[Sorry for the duplicate post, sent to wrong list first time] Hi,
After going through pgsql-general a bit I figured there were a few important questions missing from the FAQ, so I wrote some. Comments welcome. I can write more, if people can suggest things to write about. I was thinking something about collation and locales but I'm sure sure I understand them myself. Have a nice day, -- Martijn van Oosterhout <firstname.lastname@example.org> http://svana.org/kleptog/ > Patent. n. Genius is 5% inspiration and 95% perspiration. A patent is a > tool for doing 5% of the work and then sitting around waiting for someone > else to do the other 95% so you can sue them.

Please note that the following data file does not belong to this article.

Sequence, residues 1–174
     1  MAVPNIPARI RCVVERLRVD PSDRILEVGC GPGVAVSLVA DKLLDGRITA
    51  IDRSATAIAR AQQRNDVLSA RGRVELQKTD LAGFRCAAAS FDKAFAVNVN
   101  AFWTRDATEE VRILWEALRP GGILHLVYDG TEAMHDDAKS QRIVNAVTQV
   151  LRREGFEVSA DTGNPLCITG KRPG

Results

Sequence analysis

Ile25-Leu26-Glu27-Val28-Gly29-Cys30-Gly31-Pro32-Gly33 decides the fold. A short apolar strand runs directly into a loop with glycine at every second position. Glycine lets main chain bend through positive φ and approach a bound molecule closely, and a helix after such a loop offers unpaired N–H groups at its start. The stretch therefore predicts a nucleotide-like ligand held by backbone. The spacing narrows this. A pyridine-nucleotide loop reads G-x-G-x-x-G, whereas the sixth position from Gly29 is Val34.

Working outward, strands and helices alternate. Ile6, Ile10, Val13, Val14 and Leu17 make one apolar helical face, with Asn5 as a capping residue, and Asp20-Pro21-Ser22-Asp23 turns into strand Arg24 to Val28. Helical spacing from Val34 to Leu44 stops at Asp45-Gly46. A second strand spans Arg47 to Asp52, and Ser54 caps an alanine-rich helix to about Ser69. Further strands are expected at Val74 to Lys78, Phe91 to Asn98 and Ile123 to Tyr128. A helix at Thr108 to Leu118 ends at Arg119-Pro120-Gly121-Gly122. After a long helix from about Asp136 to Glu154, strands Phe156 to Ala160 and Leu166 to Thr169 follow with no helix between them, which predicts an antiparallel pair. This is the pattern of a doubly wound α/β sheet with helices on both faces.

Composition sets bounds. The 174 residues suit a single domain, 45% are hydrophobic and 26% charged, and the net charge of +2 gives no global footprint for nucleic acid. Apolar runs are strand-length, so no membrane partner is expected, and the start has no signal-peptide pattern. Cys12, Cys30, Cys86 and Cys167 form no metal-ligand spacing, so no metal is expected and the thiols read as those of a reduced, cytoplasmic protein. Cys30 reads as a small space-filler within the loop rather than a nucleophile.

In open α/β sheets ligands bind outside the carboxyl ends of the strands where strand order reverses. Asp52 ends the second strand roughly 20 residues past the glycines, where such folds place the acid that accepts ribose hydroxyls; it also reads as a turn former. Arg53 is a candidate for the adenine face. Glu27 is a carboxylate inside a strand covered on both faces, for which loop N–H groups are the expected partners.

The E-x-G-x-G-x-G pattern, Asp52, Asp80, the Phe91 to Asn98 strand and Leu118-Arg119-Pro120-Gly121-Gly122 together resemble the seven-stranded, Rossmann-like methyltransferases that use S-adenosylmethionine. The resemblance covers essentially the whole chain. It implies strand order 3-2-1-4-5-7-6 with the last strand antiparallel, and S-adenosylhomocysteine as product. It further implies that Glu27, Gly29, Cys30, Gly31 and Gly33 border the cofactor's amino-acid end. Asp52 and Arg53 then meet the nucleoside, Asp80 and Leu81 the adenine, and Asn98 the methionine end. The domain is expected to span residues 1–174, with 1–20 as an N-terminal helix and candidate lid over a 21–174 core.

Index: FAQ.html =================================================================== RCS file: /projects/cvsroot/pgsql/doc/src/FAQ/FAQ.html,v retrieving revision 1.310 diff -u -r1.310 FAQ.html --- FAQ.html 30 May 2005 13:11:06 -0000 1.310 +++ FAQ.html 10 Aug 2005 07:34:41 -0000 @@ -116,7 +116,11 @@ does not exist" errors when accessing temporary tables in PL/PgSQL functions?<BR> <A href="#4.20">4.20</A>) What replication solutions are available?<BR> - + <A href="#4.21">4.21</A>) How can I make PostgreSQL compare strings ignoring case like some other databases?<BR> + <A href="#4.22">4.22</A>) Why are PostgreSQL tables names case-sensitive?<BR> + <A href="#4.23">4.23</A>) Why is PostgreSQL only using one CPU to execute my query?<BR> + <A href="#4.24">4.24</A>) How can I arrange to have a query run at a certain time of day? Regular intervals?<BR> + <A href="#4.25">4.25</A>) What does 'index row size ... exceeds btree maximum, 2713' mean? <HR> @@ -1000,5 +1004,114 @@ <P>There are also commercial and hardware-based replication solutions available supporting a variety of replication models.</P> + + <H3><A name="4.21">4.21</A>) How can I make PostgreSQL compare strings + ignoring case like some other databases?</H3> + + <P>All text types in PostgreSQL are case-sensitive. This is generally + what you want. If you have an identifier in a table that must be a + particular format, it's better to use a <SMALL>CHECK</SMALL> constraint. + If you want to avoid duplicates that differ only in case, create a + UNIQUE index like so: + +<PRE> + CREATE UNIQUE INDEX mytable_myfield ON mytable ( lower(myfield) ); +</PRE> + + <P>If you want to do case-insensitive searches then that index can help + you also (in a non-unique form). For regular expressions, see <A + href="#4.8">FAQ 4.8</A>. + + <P>If you really need to have a column that is case-insensitive (perhaps + for porting) there is a project on <A + href="http://gborg.postgresql.org/">GBorg</A> called <A + href="http://gborg.postgresql.org/project/citext/projdisplay.php">citext</A> + which can give you a case insensitive text data type. + + <H3><A name="4.22">4.22</A>) Why are PostgreSQL table names case-sensitive?</H3> + + <P>Actually, what happens is that unquoted identifiers are folded to a + single case before comparison. The SQL standard requires folding to + uppercase, PostgreSQL folds to lowercase. What this means is that the + identifiers <SMALL>MyTable</SMALL>, <SMALL>Mytable</SMALL> and + <SMALL>"mytable"</SMALL> all compare the same. But + <SMALL>"MyTable"</SMALL>, <SMALL>"Mytable"</SMALL> and + <SMALL>"MYTABLE"</SMALL> are all different, even in totally SQL + compliant databases. + + <P>The usual cause for this complaint is that people use a GUI admin + interface to create their tables and it has helpfully quoted the table + and field names so that only identical quoting everywhere else can match + it. + + <P>A good rule of thumb is to either <b>always</b> quote your identifiers + (in which case you must get the case right all the time) or <b>never</b> + quote them (in which case the case never matters). + + <P>If this is your problem, then you can use your admin interface to rename + all the columns to all-lowercase names. Or execute queries like those + below. + +<PRE> + ALTER TABLE "MyTable" RENAME TO MyTable; + ALTER TABLE MyTable RENAME "MyField" TO MyField; +</PRE> + + <H3><A name="4.23">4.23</A>) Why is PostgreSQL only using one CPU to execute my query?</H3> + + <P>The PostgreSQL process model has one single threaded backend handling + each client. This means that multiple queries from different clients + will have their loads spread out as determined most appropriate by the + operating system. But within a single query there is only a single + thread of execution, so a single query is run only on one CPU (though + the OS can move it around, PostgreSQL is unaware of this). + + <P>Usually this is not a problem as the system is generally I/O bound + (limited by disk speed), not CPU bound. However, for some unusual + workloads you may need to think about connecting more than once to the + same database so you can have different portions work in parallel. + + <H3><A name="4.24">4.24</A>) How can I arrange to have a query run at a certain time of day? Regular intervals?</H3> + + <P>PostgreSQL itself has no facility fire jobs off at regular intervals, + it is recommended to use the operating system to handle this. For UNIX + systems this generally means <SMALL>cron</SMALL>, for Windows systems it + may mean the Task Scheduler. + + <P>A seperate project has started with the goal to create a job + scheduler for PostgreSQL, see <a + href="http://gborg.postgresql.org/project/pgjobs/projdisplay.php">pgjobs</a>. + + <H3><A name="4.25">4.25</A>) What does 'index row size ... exceeds btree maximum, 2713' mean?</H3> + + <P>Unlike some databases, PostgreSQL allows you to create an index on + any column, including unlimited text fields. However, B-Tree indexes + need to be able to hold at least three key values per page and since the + pagesize defaults to 8K minus some overhead, this means the maximum key + size is 2713 bytes. + + <P>Usually it serves no purpose to have an index on such a column. If + you're doing it for searches, remember that a normal index doesn't help + searching within a string (eg <SMALL>LIKE '%abc%'</SMALL>). What you are + probably looking for is Full Text Indexing, see <a + href="http://www.sai.msu.su/~megera/postgres/gist/tsearch/V2/">TSearch2</A> + and <A href="http://openfts.sourceforge.net/">OpenFTS</A>. If you're not + actually doing searching in that column then perhaps you don't need that + index at all. + + <P>If all you want to do is make sure the values are unique, the + recommended technique is to use a trigger to calculate an MD5 of the + value and put a unique index on this. Obviously this won't help searching. + + <P>If you're really desparate, you can increase the pagesize a bit (to + 32K) but this requires recompiling and reinstalling your database from + scratch. From then on it will be incompatable with other people's + databases, so think carefully whether your successor will remember to do + this next time they upgrade. + + <P>Also note, that no index type can ever exceed the pagesize limit, + although hash indexes can go up to just under one page. Full text + indexing works because it doesn't store the whole key directly. + </BODY> </HTML>